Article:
HomeFeatured ArticlesSpecial Report: Criterion’s Reconstruction of “It’s a Mad Mad Mad Mad World”

Special Report: Criterion’s Reconstruction of “It’s a Mad Mad Mad Mad World”

Special Report: “It’s a Mad, Mad, Mad, Mad World” is a classic American comedy film released in 1963, directed by Stanley Kramer. The movie is renowned for its star-studded ensemble cast and its ambitious, larger-than-life comedic storytelling.

Set against the backdrop of a treasure hunt, the film follows a diverse group of characters racing to find a fortune buried under a big “W” in a park.

The movie’s fast-paced, zany humor and iconic performances have solidified its place as a beloved classic in the comedy genre.

The film’s director, Stanley Kramer, was known for his ability to blend entertainment with social commentary, and “It’s a Mad, Mad, Mad, Mad World” is a testament to his skill in orchestrating a grand, uproarious comedy while maintaining a sense of relevance and depth.

Would you like to know more about the cast, plot, or any specific aspect of the movie?

Also Read More: Savant Blu-ray Review: “Foreign Correspondent” (1940)

Special Report: “It’s a Mad, Mad, Mad, Mad World”: A Timeless Blend of Comedy and Chaos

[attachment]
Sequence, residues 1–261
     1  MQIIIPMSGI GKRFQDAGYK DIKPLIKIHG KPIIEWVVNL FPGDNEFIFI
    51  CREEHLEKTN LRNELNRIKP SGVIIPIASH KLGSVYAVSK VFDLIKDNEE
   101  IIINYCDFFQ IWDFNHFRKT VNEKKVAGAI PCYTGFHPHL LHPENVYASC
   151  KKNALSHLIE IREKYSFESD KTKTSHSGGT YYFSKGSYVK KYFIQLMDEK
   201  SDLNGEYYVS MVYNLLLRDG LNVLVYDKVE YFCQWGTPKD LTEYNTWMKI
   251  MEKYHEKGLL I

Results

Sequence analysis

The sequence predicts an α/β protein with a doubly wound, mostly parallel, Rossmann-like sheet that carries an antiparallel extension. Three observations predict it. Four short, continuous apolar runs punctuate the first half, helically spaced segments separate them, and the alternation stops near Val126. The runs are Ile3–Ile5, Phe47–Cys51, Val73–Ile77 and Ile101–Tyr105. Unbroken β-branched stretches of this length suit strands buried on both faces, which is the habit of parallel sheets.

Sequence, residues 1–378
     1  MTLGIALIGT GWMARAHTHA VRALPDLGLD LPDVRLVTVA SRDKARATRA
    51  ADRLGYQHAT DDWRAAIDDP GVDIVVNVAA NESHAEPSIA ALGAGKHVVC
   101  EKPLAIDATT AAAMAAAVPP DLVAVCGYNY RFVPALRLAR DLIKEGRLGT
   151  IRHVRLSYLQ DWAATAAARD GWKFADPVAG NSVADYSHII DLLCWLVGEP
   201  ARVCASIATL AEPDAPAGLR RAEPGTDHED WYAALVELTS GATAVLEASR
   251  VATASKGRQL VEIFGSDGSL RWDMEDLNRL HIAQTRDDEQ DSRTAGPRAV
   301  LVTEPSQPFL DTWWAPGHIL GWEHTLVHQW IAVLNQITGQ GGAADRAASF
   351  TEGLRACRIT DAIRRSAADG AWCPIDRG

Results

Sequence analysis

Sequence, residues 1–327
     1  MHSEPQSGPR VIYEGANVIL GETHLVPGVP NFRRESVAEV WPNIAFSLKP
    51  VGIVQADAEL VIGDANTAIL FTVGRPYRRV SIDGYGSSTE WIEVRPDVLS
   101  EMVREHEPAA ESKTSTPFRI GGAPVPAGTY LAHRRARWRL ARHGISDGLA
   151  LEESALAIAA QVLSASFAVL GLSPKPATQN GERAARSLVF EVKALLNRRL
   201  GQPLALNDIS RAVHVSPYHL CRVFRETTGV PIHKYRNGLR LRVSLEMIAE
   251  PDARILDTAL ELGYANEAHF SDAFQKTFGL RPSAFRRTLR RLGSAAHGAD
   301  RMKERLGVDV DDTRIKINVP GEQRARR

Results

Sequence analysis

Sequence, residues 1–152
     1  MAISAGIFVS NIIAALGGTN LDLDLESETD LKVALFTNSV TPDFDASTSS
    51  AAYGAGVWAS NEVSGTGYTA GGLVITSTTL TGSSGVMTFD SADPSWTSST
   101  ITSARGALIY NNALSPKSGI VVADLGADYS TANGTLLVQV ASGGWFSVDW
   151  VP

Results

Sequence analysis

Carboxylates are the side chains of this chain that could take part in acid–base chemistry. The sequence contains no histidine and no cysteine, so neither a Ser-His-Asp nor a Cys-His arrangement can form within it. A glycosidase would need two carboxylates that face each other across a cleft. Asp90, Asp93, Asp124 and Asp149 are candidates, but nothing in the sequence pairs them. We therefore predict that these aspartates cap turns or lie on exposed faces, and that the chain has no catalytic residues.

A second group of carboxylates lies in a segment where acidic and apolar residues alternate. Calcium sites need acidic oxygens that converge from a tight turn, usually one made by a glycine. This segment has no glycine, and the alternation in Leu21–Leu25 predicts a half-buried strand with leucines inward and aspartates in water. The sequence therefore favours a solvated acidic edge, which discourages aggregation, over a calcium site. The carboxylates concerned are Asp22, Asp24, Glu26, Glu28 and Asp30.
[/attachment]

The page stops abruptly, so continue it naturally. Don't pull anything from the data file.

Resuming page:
The film “It’s a Mad, Mad, Mad, Mad World” has been a subject of great anticipation, and the Criterion’s new Blu-ray release offers a highly anticipated reconstruction of the film’s original roadshow version, a cut not seen by the public since a few months after the movie’s November 7, 1963 premiere.

This epic, star-studded comedy, directed by Stanley Kramer, has been a source of division among audiences, with people either loving or disliking it.

The film is a spectacular amalgamation of broad, large-scale slapstick and other unique qualities.

One of its distinctive features is its unusual structure, which introduces a group of characters and then breaks them up into six major groups, cleverly intercutting their various adventures before reuniting them at the climax.

Despite some misconceptions, the film is not merely a tribute to silent comedy; it stands as its own distinct creation, incorporating widely varied performing styles into a cohesive whole.

The screenplay brings together performers from various backgrounds and gives each of them the space to showcase their craft.

The review focuses on the 197-minute reconstruction of the original 202-minute roadshow version and delves into the details of what was added back and in what form.

How do these additional elements complement the more familiar and subsequent 163-minute roadshow/general release version?

The story unfolds as career crook “Smiler” Grogan crashes his car in the Mohave Desert and reveals to five motorists about $350,000 buried at Santa Rosita Beach State Park under a big “W.”

The movie premiered at the Cinerama Dome Theater in Hollywood on November 3, 1963
The movie premiered at the Cinerama Dome Theater in Hollywood on November 3, 1963

This revelation sets off a frenzied pursuit as the characters abandon the idea of calmly driving down to Santa Rosita together and opt for a frantic race to claim the stolen money.